Welcome to the Garden Ecology Lab’s “What are the bees doing” mini-series! This series will extend through the four seasons to shed some light on where bees are in their life cycle and what they may be doing during each of the four seasons. We begin with winter, and an overview of the overwintering and nesting strategies of common groups of bees in the Pacific Northwest.
As the seasons change, where do all the bees go? Different groups of bees utilize unique strategies to survive the cold of winter. In many cases, bees require cold temperatures to develop properly, and as spring rolls around, they rely on thermal cues to determine when to start their next phase of life.
We can divide bees into four broad categories based on their strategy to nest and survive the winter. There are the Ground Nesters – who find or dig in the ground to nest and lay eggs, Cavity Nesters – who nest in hollow reeds, canes, or in people’s backyard “bee hotels”, Bumblebees – whose new-born queens burrow into leaf litter, waiting to start a colony in spring…. and then there is the oddball: the European Honey Bees, who are not native to North America, but were brought here along with European colonizers and are now key players in modern agriculture. They do things pretty differently than our native bees, so we’ll start our discussion with them.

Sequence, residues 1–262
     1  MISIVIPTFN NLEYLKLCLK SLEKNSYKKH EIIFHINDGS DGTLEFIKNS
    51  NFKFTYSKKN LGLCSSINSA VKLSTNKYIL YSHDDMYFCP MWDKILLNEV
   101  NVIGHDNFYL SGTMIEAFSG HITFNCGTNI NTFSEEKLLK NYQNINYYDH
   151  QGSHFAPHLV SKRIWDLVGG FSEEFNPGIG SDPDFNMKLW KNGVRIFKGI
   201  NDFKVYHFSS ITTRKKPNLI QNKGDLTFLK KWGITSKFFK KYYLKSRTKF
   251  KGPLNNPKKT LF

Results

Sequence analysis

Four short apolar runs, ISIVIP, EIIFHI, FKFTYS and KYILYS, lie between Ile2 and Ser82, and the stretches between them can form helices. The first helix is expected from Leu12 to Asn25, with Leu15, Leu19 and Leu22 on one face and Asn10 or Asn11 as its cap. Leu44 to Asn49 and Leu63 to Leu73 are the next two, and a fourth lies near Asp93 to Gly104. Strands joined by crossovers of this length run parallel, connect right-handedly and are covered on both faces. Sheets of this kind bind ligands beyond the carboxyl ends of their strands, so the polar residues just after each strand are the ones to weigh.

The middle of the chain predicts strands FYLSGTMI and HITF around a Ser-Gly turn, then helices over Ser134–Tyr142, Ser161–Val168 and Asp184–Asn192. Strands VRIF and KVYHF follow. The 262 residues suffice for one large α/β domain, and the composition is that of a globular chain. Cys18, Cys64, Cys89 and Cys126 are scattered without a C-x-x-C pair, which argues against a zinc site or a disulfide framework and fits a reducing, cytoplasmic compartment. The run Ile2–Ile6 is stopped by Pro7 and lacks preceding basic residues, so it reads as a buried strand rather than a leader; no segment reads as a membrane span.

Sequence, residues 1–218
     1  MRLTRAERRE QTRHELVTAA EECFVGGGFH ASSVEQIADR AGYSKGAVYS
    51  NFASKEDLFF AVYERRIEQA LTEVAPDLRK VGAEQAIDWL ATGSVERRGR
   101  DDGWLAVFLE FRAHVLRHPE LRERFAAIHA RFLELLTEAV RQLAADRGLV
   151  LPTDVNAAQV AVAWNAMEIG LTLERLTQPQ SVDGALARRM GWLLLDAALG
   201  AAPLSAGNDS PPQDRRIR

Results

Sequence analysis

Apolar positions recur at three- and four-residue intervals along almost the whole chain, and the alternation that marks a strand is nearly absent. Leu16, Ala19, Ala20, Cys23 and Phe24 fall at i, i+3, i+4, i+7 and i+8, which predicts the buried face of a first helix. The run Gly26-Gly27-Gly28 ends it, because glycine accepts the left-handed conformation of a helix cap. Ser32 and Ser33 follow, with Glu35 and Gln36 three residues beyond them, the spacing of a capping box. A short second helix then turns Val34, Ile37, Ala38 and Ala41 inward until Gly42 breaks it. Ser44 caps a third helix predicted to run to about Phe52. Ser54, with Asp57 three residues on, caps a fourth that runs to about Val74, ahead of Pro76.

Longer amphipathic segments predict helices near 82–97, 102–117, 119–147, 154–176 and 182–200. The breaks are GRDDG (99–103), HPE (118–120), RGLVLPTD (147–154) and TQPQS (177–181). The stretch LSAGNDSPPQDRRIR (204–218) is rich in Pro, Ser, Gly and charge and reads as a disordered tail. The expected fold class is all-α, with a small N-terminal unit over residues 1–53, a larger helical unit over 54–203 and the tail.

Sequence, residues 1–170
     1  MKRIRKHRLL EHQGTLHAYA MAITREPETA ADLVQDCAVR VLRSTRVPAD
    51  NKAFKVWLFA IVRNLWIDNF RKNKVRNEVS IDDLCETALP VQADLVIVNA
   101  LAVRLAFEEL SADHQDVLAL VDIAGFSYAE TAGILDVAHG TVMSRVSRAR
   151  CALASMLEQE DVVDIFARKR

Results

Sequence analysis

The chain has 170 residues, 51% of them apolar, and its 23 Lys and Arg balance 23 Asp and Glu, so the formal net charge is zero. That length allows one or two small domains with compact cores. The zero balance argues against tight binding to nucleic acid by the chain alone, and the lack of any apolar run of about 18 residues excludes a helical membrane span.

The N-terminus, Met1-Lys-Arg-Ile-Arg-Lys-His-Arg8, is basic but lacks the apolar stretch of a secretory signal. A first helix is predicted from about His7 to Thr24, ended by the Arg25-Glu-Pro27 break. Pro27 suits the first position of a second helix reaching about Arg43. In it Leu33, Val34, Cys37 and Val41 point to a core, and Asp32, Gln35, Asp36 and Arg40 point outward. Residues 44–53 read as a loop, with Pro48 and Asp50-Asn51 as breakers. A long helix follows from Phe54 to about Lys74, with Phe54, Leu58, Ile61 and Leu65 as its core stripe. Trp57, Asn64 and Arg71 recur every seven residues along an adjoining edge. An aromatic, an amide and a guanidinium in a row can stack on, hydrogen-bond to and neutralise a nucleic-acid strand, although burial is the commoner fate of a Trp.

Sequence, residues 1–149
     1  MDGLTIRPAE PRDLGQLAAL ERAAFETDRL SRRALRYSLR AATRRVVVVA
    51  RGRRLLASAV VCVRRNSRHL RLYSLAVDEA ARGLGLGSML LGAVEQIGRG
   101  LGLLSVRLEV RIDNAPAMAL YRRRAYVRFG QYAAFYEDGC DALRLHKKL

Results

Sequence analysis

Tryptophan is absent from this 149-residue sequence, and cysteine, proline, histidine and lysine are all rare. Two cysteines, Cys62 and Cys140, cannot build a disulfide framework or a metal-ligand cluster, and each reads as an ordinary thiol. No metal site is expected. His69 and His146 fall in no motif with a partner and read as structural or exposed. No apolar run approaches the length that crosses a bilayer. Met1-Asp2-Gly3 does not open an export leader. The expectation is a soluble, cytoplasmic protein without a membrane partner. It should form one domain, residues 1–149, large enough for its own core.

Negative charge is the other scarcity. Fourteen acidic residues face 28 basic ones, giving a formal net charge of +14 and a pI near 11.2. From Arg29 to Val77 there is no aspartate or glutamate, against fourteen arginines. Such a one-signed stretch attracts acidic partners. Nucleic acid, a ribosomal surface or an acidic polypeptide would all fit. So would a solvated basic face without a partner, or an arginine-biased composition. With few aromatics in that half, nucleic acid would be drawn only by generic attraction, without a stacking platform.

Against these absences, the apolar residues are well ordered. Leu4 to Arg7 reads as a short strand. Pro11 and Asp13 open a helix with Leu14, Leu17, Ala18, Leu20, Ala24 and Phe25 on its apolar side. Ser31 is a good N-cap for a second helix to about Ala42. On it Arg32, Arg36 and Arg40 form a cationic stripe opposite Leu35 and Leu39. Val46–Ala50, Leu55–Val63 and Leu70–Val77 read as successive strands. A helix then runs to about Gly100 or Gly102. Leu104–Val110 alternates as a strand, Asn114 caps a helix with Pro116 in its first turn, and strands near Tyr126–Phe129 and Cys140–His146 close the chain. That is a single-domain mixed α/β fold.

The European Honey Bee
European honey bees (Apis mellifera) survive the winter huddling in their hive! They are an example of a social insect and many consider a honey bee hive a superorganism. Fueled by their honey stores, the colony huddles together in a mass to thermoregulate at temperatures between 33 – 36°C (91.4 – 96.8°F).1 I love these words from the American Bee Journal:
"The honey bee is a cold blooded insect; but the honey bee colony is a warm blooded creature."1
We will see that honey bees are the only bee in our landscape to overwinter socially. The rest go it alone.
Bumblebees are social bees too, living in natural cavities most often in the ground, but in winter, the members of the colony die off except for the new-born queens. These queens will fly out of the hive on her maiden voyage to mate with a male bumblebee before finding a place to settle and overwinter alone.
Queens find a safe environment often a few inches deep under leaf litter or light soil. As temperatures decrease in Fall and early Winter, the queens do not thermoregulate. Instead, they enter diapause, which is a state of arrested development. An overwintering queen appears frozen in the soil until warmer temperatures wake her again. In the late Winter or Spring she will begin looking for a site to start her own colony.